Book Club at the Red Table

 

 

Screen Shot 2016-08-21 at 1.58.11 PMI belong to my daughter’s Book Club. She supplies the good company, calls in the bagel order to Murray’s in Chelsea and sets the table. I sit back, relax and take it all in, curious as to what each member thinks of the particular book chosen that month. It’s a good group—smart, insightful, funny, all different professions sharing the dual passion of friendship and books. It is great for a writer to be in their company. It’s like having your very own focus group—you listen to what they like in a book; what gave them pause; what made them want to continue; and what, if anything, disturbed them.

Last month, for the first time, an author joined the group—Julia Dahl who has recently published a terrific first novel, INVISIBLE CITY. I wasn’t the one who invited her; she came courtesy of another member, Jeff, who works for Julia’s husband. But I am pleased to say I was the one who chose the novel as our monthly read.

From the very start, Julia, cute, charming, gracious, stiletto sense of humor, fit right in with the group. Except for me, they are all around the same age—early 30s. I sat back, sipped my coffee and watched Julia handle their pinpoint questions with ease and confidence. The novel deals with a murder in Brooklyn’s Hasidic community and one determined young reporter’s quest to get to the truth. It is beautifully written, fast-paced, New York City rich dialogue and what is most impressive to me, especially with a first novel, is how quickly a reader is engaged in the story. In less than 20 pages, Dahl has you in her world—the tabloids on one end; the cloistered life of the Ultra-Orthodox on the other; and, in the middle, a young woman grappling to come to terms with a mother who long ago abandoned her.

The atmosphere around the Red Table was relaxed and casual, the questions born of curiosity, the answers delivered in a confident manner. The Red Table Book Club is as interested in the process of how a book is written as much as they are in how well the final version is executed. They asked Julia about her research, about whether she felt threatened by those in the community, about how much her newspaper background helped her in writing the novel. It was a pleasure for me to be a small part of that special Sunday morning.

We hear so much about the death of the written word, about how no one reads anymore and no cares about books. And there is, sadly, proof of that all around us—stores closing by the week, sales decreasing, lists cut back. It is sad enough to walk down certain streets and no longer see the book store I used to haunt, a young man spending money he didn’t have on books he needed to have.

And then I look around the table, at the bright and eager faces of The Red Table Book Club and see them chatting with a young author who has nothing but a brilliant future in front of her and it makes me realize that maybe all that negative talk about the demise of the book can be defeated. That there are many people out there who still love a good story well told and will reach for it in any fashion they can.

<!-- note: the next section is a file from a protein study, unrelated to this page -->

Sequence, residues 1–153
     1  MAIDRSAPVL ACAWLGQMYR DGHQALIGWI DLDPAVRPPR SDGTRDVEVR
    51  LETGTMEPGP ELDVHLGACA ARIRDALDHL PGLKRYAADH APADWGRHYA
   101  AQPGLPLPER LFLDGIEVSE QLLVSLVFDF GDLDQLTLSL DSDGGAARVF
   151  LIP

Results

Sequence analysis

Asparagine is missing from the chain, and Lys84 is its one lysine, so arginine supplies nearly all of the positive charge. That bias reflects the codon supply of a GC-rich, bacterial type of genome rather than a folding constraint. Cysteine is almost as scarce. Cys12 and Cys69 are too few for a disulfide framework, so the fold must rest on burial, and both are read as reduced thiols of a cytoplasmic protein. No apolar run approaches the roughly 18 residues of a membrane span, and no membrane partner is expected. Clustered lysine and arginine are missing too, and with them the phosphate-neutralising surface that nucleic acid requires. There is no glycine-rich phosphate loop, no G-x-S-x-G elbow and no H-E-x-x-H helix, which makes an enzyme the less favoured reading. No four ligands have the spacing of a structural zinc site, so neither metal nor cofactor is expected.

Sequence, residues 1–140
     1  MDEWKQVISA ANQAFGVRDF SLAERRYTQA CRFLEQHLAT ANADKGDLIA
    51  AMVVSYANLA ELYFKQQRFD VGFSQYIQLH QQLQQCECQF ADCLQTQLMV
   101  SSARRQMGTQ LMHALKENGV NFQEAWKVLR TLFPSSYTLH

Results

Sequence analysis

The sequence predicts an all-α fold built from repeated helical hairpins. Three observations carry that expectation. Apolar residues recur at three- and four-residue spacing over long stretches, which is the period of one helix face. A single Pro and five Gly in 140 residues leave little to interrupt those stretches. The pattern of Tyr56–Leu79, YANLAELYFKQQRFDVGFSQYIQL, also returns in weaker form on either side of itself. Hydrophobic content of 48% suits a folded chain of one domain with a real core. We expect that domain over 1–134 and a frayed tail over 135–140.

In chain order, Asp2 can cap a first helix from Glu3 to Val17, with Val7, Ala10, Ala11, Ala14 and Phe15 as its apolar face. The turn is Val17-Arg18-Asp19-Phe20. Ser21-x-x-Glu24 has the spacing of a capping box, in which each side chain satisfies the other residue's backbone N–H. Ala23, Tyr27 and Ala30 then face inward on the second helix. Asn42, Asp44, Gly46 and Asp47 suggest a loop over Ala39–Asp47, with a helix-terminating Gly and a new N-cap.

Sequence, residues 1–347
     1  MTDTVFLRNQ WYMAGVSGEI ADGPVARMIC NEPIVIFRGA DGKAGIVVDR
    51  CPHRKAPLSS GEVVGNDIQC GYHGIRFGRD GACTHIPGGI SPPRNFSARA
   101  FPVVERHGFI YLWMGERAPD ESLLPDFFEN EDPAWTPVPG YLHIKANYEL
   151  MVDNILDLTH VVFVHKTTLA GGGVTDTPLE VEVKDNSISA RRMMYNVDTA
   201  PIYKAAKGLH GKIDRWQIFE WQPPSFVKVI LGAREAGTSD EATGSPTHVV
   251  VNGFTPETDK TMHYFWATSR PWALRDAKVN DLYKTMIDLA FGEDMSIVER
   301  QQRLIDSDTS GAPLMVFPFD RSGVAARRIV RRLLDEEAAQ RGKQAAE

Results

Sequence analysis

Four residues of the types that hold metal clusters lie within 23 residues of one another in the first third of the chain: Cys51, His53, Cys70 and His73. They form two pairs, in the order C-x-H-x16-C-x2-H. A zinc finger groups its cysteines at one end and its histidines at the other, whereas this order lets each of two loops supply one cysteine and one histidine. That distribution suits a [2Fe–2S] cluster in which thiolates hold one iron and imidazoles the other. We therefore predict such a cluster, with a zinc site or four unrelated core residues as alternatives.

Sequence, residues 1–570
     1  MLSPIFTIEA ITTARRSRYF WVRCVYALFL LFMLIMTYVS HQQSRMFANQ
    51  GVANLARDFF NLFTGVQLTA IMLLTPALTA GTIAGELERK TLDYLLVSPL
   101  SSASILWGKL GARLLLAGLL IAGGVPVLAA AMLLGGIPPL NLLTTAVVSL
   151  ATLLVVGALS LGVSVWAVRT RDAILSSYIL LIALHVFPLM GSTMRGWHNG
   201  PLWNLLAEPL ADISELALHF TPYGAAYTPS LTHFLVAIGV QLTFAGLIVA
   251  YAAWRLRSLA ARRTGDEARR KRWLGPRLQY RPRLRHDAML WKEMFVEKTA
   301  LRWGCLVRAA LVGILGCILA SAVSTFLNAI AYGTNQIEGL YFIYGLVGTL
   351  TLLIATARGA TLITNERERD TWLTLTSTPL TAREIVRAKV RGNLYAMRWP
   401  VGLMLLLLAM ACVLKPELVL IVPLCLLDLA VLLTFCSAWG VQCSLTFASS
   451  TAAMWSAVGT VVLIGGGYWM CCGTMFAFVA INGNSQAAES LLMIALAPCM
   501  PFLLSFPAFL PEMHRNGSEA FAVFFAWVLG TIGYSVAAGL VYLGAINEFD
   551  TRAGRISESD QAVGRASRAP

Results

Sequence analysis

There was one other thing about that morning that stayed with me. One of the members of the Red Table Club, Matt, had told me earlier that he had signed with a literary agency. They had agreed to take on the novel he wrote in his free time, when he wasn’t teaching or helping his wife, Phoebe, take care of just about 2-year-old Nate. He was too shy to mention that to Julia so I did.

Her reaction was one of sheer joy. “That’s fantastic,” Julia said. “That is huge. That’s the biggest obstacle. That means they think they can sell it and they will.”

And that’s one of the many things I love about the writing life. How welcoming it is to new members of the fraternity. How eager they are to reach out and help the younger ones following in their path or in the case of Julia and Matt, quick to embrace the newest author in the group.

I saw that and thought back to when I was a teenager and wrote a long letter to Pete Hamill, then a columnist for the New York Post. I remembered how kind he was to me and, later, when he went to the News and I started there as a copy boy how generous he was of his time and his talent. He got as much of a kick helping me as I did absorbing his valuable lessons.

That was my take-away from that morning. A young author, flush with the success of her new book and deep into writing her second, happily sharing a bagel, some coffee, conversation and experience with a group of readers who had, by the end of the meeting, become her friends.

And that is truly what any reader is to an author—a friend.

A very good friend.

 

 

The Birthplace of Pizza

Pizza was born in Naples, Italy, in the heart of the poorest city in Europe. Some history books date the arrival of the first pizza as far back as 997 A.D. while a number of historians place it closer to 1738. In 1843, Alexandre Dumas wrote about the pleasure of eating a pizza in Naples.

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More than a few Neapolitans will argue that the actual date was sometime in 1870, when Pizzeria Da Michele opened its doors and pulled the first marinara (oregano, garlic, and San Marzano tomatoes) from inside a 485-degree brick oven. Continue reading “The Birthplace of Pizza”